Nobody can predict where the fallout from the News of the World phone-hacking scandal will end up, because the old assumptions have crumbled, while nobody knows what the rules of the game are going to be.
News International has been for three decades the most aggressive and confident corporation in Britain when it comes to asserting its own interests. This week, it adopted a classic defensive strategy, using a standard toolkit of tricks, from denial to distraction, confident of its ability to see off anti-Murdoch MPs and a tweeting mob. It failed badly - underestimating how much the reaction would come not just from politicians and tweeters, who the corporation tried to dismiss as politically motivated, but also from parents, from advertisers and investors.
There was genuine shock at a series of acts which were unimaginable even for those used to thinking pretty much the worst of the rougher end of the newspaper trade.
There has always been some cognititive dissonance between the robust common sense "voice of the people" positioning of some red-top tabloids, and the ruthless and often cynical professional culture which underpins their operations.
That has now been stretched beyond breaking point.
For a newspaper which posed as the strident champion of victims to break the law so as to spy on the families of murdered schoolchildren, terrorist victims and dead soldiers has simply destroyed, perhaps beyond all repair, what the News of the World told its own readers that it stood for.
And the backlash is new territory for an organisation so used to aggressively demanding accountability from everybody else, while jealously protecting itself from scrutiny. It has managed its relationships on the assumption that it was usually able to strike fear into its interlocutors - even when it came to Parliamentary scrutiny or the forces of law and order. But the old arrogance has not gone away. There have been remarkable briefings to journalists. The BBC's politicial editor told the nation on the ten o'clock news that Murdoch would close ranks around Rebekah Wade "because this Is family" - striking language when the issue has become one of criminal conspiracy.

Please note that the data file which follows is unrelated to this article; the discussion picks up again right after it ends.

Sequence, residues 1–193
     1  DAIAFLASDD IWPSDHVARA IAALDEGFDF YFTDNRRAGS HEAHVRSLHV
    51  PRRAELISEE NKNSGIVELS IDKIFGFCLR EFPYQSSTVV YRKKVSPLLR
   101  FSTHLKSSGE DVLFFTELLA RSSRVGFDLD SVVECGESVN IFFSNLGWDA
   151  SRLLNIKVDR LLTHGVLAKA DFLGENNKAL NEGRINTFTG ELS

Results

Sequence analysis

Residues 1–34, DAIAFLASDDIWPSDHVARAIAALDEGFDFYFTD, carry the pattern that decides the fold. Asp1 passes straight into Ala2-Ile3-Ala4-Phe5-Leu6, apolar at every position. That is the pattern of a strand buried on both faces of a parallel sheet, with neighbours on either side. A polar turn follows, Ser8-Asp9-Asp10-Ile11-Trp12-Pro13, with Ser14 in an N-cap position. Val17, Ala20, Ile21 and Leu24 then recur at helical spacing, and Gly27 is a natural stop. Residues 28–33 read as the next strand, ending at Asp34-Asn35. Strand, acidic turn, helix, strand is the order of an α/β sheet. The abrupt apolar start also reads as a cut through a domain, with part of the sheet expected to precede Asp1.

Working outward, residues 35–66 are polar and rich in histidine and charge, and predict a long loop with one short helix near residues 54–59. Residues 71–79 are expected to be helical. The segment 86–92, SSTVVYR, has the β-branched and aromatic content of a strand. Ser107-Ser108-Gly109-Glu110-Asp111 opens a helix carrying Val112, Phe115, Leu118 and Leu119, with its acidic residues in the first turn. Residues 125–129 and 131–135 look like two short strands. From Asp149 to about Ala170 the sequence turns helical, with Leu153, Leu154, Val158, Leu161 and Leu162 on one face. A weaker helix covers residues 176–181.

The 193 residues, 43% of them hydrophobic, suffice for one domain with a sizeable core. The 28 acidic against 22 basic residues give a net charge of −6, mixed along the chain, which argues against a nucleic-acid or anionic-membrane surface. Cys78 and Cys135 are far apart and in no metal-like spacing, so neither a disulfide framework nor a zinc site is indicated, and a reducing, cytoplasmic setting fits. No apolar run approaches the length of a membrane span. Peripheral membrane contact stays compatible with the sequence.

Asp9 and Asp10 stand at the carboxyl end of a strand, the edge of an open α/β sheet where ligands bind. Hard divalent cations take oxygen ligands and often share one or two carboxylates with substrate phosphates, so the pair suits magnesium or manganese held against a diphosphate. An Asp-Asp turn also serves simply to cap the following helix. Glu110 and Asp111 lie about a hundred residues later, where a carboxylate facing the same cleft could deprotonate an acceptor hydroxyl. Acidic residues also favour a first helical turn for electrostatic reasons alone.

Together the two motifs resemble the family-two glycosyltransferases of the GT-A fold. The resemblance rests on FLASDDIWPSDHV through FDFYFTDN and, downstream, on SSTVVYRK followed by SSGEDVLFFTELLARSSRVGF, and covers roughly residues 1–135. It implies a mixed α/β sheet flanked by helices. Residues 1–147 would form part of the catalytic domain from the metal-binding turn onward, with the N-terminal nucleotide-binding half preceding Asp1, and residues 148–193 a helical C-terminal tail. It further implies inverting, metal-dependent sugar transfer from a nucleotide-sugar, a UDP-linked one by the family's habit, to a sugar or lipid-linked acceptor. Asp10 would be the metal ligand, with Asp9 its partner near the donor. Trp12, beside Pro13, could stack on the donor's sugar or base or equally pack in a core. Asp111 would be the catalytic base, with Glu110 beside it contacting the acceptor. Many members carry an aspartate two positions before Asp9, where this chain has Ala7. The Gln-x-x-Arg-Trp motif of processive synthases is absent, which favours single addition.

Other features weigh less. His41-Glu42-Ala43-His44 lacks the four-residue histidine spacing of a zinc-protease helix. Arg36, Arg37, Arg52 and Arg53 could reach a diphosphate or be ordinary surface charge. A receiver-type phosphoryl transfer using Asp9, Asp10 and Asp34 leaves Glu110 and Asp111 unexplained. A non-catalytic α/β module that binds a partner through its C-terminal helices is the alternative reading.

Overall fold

To see why the scandal matters, reflect on how this all so nearly stayed under wraps. News International has retreated slowly, always conceding only what had become indefensible, always claiming to have fessed up, cooperated fully and investigated rigorously, before being shocked by the next set of revelations about its own activities. They had allies across the press, an unwillingness to ask questions reflecting guilty consciences as to what a wider inquiry will no doubt uncover. Without the dogged persistence of The Guardian and Channel Four, and the New York Times' magazine investigation, they could have carried on with business as usual at Wapping, operating outside the law with apparent impunity.
The police's unwillingness to investigate, even when looking starkly at criminal activity, could prove the biggest scandal of all in an inquiry.
Perhaps it was the final hubristic triumph of the media age that spin doctors are not just the most persuasive voices in Downing Street, but that the head of media relations for the police apparently got to veto the idea of prosecuting powerful friends in the press.
The culture of impunity in red top newsrooms, the self-regulation of the PCC are rightly on trial.
Yet this is a dangerous moment too. The old journalistic instinct to resist all scrutiny or change as threatening a free press will prove too defensive for this moment - but there are real threats and dangers of get this wrong.
We have a press too trammelled from free inquiry by our restrictive libel laws, yet which has brought its own valuable freedoms into jeapordy through a culture among too many of believing itself to be entirely outside the law. Those senior journalists like John Lloyd and Ian Hargreaves who have joined external critics to advocate a stronger journalistic ethic, more rigorous scrutiny and self-criticism inside the profession, have tended to be dismissed and marginalised as lofty and unworldly quasi-academic figures. But they were right.
We now need to move from reaction to a much broader civic and journalistic quest for and advocacy of a new media ethic.
The uncovering of this affair, and what it has uncovered, has shown journalism at its dogged best and its unprincipled worst.
"I'm all for the free press; it's the newspapers I can't stand", as one of Tom Stoppard's characters says in Night and Day.
The urgent task for defenders of a free press now is to win confidence that the newspapers can change.